A number of commentators to my previous post (to my surprise) agree with Rothbard’s view that the American Civil War was unjust. They support this claim with a variety of arguments. Some claim that, as a matter of historical fact, Lincoln didn’t care about slavery but only about keeping the Union together, and that therefore the Civil War cannot be justified as defense of others (the slaves). Others argue that if the South wanted to secede the North should have let them go, under the general libertarian view that political power can only be justified by consent. The issue seems important enough to justify a new post.
The first criticism (that the North didn’t wage for on behalf of the slaves but for other reasons) confuses intention with motive. Intention covers the contemplated act, what the agent wills to do. I see a person in distress, decide to rescue her, and do it. An agent has the intention to do X when he aims to do X. It implies not only desire to do something but the commitment to doing it. This involves believing that the act is under the agent’s control. There is a direct connection between my willing something, my commitment to doing it, and my doing it.
By contrast, a motive is a further goal that one wishes to accomplish with the intended act. I rescued a person in danger because she owed me money. I had an ulterior motive, but I still intended to rescue the person. It’s just that I did it en route to getting my money back. This ulterior motive is not part of the class of actions called “acts of rescue;” only the intention is. It makes sense for you to say that my act of rescue was good (it saved a life) but that I am not a particularly admirable person because my motive was self-interested, not altruistic. The concept of intention fulfills a double role: it allows us to individuate the act, to say that the act belongs to a class of acts (such as acts of rescue); and it allows us, correspondingly, to praise or criticize the act under the moral principles that apply to that class of acts.
Applying this distinction to the Civil War, it seems clear to me that freeing the slaves was intended by Abraham Lincoln, even if he had an ulterior, non-altruistic motive, namely keeping the Union together. On the critics’ own account, Lincoln freed the slaves en route to keeping the Union together. So I think it is correct to say that the Civil War was a war in defense of others, the slaves, even if we can perhaps criticize Lincoln’s motive (and the realization of that motive, keeping the South in the Union). I believe that a sounder criticism of Lincoln is to say that he intended and achieved a good result (saving persons from a terrible injustice) on his way to achieving an unjust result, namely preserving political domination over an unwilling South. Act A, saving slaves, was a good act; act B, forcing the unwilling South to remain in the Union, was a bad act (if it was: I’m asssuming this for the sake of argument, see next paragraph.) The badness of act B does not cancel the goodness of act A: they are independent. The morality of the Civil War, then, must be judged by the general tools to evaluate acts with two effects, one bad and one good –the doctrine of double effect.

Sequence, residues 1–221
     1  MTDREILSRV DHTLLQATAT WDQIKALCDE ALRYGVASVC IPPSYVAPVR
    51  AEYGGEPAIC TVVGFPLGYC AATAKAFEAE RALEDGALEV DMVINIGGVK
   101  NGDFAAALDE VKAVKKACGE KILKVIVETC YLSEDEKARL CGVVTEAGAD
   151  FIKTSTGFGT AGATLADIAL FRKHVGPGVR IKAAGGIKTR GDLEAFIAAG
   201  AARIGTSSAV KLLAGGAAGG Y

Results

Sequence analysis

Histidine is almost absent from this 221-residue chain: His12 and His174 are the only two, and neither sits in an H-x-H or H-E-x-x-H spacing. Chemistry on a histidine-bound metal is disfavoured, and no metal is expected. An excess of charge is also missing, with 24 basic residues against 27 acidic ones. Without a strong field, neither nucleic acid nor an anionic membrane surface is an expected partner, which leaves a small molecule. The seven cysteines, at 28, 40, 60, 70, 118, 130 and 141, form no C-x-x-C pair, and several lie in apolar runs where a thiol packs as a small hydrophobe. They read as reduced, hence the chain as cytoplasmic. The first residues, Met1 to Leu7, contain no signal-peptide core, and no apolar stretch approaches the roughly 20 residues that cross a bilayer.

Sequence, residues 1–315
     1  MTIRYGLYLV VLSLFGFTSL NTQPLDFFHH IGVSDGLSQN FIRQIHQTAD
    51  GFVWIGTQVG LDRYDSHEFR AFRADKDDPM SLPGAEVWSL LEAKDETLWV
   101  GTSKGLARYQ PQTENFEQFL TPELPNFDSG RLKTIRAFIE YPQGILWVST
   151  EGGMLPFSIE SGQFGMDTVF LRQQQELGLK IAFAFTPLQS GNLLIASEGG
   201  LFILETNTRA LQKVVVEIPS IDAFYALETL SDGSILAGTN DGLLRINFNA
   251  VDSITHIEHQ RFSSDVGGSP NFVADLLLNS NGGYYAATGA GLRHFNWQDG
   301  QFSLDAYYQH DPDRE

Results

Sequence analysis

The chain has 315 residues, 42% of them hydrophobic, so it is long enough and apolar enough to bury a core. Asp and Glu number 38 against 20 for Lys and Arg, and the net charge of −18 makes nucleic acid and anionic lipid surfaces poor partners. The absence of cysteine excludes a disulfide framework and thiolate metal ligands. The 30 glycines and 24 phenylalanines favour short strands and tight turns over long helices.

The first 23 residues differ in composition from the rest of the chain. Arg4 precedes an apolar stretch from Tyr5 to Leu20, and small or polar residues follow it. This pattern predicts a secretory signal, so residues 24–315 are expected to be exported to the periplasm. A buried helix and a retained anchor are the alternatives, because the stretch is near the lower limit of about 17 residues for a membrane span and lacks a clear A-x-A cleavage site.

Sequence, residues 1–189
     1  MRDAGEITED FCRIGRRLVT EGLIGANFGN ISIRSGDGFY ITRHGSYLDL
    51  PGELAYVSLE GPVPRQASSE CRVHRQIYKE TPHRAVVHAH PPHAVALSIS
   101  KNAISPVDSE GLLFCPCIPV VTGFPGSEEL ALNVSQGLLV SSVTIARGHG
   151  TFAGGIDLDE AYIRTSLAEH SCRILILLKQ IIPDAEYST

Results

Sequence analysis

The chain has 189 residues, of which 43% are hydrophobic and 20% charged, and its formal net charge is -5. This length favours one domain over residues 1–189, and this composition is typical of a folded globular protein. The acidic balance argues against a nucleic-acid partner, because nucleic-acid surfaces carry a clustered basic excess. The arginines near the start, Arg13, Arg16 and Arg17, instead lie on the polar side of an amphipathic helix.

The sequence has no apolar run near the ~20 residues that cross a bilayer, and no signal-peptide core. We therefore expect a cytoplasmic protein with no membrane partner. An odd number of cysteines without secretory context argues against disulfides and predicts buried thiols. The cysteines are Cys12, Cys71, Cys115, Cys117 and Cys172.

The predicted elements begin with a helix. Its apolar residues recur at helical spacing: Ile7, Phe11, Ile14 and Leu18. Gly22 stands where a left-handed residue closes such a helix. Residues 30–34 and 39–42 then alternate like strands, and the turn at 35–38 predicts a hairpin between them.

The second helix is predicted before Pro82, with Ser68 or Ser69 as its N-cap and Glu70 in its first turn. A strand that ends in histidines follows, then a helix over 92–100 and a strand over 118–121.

The second criticism, that the North unjustly prevented the South from seceding, is misguided under a libertarian view. It seems to me that a libertarian theory of secession must be individualistic. If the domination exercised by the federal government over Southern citizens circa 1860 was illegitimate, so would have been the domination exercised by the new Confederate authorities over any person that did not expressly consent to their rule. The assertion “The North didn’t have a right to keep the South in the Union” incurs in group-thinking. For libertarians there is no such thing as “a group” having the right to exercise authority over another “group.” The “South” doesn’t have a right to anything; only individuals have rights, and of course they may exercise those rights in groups (with the consent of each and every one of those persons). But collective entities do not have a “right” to wield political power vis-avis those who do not consent . The upshot is that, if there is a right to secession, it is an individual right: every individual is morally entitled to secede from the state. Perhaps, under libertarian principles, individual Southerners had the right, if they so wished, to secede from the North. But the eventual political authority of the Confederate government did not extend to those persons in the South who did not join those consenting citizens (let alone the slaves) –any more than, on libertarian grounds, the North had any authority over unconsenting individuals, wherever they happened to reside.